From research labs to dealership lots, the auto sector supports nearly 8 million U.S. jobs.
Exports. The auto industry is America’s largest exporter. Over the past six years, automakers and suppliers have exported nearly $600 billion worth of vehicles and parts. They beat the next best performing sector (aerospace) by $74 billion. Last year alone, automakers and suppliers out-exported the aerospace industry by $20 billion.
Raw Materials and Parts. The U.S. auto industry is one of the largest consumers of domestic raw materials and parts. Last year, automakers sold nearly 13 million cars in the U.S., and each contained between 8,000 to 12,000 parts, using more than 3,000 pounds of iron, steel, rubber, glass and semiconductors. Approximately 686,000 Americans work at the plants, offices and research labs that produce those parts and materials.
American Research & Development. Designing those 8,000 to 12,000 auto parts and helping put them together makes autos among the most engineering-intensive industries in the world. In fact, eight out of the world’s top 25 corporate investors in research and development are automakers. GM and Ford each invest more each year on research and development than Boeing, Amgen and Google – and 80 cents of every dollar they invest in research and development is spent here in the U.S. Thanks largely to this investment, nearly one in 10 engineers and scientists in private sector R&D work for an automaker or supplier.
Ford Motor Company announced that the Ford Mustang and Ford F- Series are officially the "Hottest Car and Truck" at the 2013 Specialty Equipment Market Association show.
In a release, the Company said that the SEMA Award presented on Nov. 5 recognizes the most popular vehicles SEMA members feature in their displays at the organization's weeklong trade show in Las Vegas.
The all-new Chevrolet Colorado will make its world debut next week at the 2013 Los Angeles Auto Show, according to General Motors Co.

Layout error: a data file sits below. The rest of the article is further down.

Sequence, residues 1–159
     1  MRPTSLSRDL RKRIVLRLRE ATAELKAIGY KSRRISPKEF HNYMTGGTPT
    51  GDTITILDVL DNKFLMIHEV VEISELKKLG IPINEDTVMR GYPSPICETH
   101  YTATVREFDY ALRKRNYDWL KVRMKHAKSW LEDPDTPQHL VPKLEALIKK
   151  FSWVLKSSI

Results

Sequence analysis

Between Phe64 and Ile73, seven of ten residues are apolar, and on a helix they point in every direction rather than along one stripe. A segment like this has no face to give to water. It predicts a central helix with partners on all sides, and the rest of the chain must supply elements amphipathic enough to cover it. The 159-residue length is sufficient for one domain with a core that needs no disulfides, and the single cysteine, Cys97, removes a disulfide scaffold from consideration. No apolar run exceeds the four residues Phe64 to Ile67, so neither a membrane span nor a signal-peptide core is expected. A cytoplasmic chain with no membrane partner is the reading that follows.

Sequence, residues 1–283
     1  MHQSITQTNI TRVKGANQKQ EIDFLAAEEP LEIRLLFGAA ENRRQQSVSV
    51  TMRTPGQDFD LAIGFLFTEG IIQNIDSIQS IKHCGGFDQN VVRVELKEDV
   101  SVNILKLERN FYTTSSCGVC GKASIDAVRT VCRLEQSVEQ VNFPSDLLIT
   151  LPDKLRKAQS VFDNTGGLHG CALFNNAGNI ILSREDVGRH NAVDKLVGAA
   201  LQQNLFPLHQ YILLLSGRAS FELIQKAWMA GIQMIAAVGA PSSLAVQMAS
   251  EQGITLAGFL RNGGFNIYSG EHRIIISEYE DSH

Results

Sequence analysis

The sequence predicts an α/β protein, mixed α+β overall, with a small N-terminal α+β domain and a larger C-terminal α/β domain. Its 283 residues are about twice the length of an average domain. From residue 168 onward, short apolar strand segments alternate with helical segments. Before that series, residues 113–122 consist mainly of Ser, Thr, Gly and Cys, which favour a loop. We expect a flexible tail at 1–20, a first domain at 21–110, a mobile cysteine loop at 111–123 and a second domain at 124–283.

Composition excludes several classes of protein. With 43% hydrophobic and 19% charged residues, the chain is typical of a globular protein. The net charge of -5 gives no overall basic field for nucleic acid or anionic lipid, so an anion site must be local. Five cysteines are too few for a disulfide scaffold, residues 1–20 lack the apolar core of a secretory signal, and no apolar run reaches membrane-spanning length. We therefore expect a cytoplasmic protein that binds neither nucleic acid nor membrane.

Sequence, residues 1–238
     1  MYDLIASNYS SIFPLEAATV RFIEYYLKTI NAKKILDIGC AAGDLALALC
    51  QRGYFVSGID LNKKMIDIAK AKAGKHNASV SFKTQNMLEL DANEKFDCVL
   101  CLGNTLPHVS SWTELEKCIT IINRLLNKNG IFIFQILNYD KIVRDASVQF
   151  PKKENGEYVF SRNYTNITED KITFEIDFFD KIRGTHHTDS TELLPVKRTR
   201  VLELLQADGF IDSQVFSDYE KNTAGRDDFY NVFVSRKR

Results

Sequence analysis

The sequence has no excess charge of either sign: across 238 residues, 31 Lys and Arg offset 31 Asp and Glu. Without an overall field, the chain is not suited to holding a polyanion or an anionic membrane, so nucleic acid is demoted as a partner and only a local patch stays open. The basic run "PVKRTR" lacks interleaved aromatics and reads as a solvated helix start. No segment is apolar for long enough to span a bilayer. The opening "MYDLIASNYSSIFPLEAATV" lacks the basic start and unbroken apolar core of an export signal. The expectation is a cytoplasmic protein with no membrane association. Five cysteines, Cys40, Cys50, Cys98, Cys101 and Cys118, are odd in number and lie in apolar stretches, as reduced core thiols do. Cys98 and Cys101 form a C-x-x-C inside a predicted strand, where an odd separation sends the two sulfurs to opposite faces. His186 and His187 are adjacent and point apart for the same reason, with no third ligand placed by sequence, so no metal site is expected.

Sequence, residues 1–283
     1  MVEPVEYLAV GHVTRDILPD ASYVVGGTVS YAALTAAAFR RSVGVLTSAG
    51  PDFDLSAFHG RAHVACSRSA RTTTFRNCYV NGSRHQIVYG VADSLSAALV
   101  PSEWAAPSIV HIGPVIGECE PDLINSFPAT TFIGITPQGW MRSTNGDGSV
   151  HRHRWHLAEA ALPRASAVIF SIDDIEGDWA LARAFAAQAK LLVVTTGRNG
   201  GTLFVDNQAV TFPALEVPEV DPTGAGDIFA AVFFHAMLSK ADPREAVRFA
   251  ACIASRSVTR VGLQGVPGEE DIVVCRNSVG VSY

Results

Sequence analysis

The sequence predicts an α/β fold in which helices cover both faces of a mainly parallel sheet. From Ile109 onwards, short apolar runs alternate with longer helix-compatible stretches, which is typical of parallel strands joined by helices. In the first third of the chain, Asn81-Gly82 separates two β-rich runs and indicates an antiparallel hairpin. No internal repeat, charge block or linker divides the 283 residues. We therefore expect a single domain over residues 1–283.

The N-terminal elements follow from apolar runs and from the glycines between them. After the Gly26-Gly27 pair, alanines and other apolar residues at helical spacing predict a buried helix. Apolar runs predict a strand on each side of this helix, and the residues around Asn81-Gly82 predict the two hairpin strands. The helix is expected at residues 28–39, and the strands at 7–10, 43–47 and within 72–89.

The Detroit-based automaker today released a second teaser photo of the truck with a release about the midsize pickup truck debuting Nov. 20 during Chevrolet’s press conference at the show, which will be livestreamed on the brand's YouTube page.
Chrysler Group says it has developed a tank to store compressed natural gas that mimics human lungs and will allow the cheaper fuel source to more easily be used in automobiles.
The design uses smaller compartments inside a larger tank to increase fuel capacity and storage, similar to the alveoli within the human lung. It would free automakers from being forced to use large reinforced cylinders to store compressed natural gas onboard automobiles and would allow fuel to be stored within non-cylindrical shapes.
In honor of Veterans Day, General Motors Co. held a special ceremony with two very unique guests.
The Detroit-based automaker Thursday hosted Navajo Code Talkers Peter MacDonald, Sr., of Tuba City, Arizona and Bill Toledo, of Laguna, New Mexico, at its Technical Center in Warren for a “fireside chat.”
“We feel good about it," said MacDonald, who served in the South Pacific and North China from 1944-1946. "It’s recognition that really comes from the heart to a legacy that played a very important and significant role in World War II.”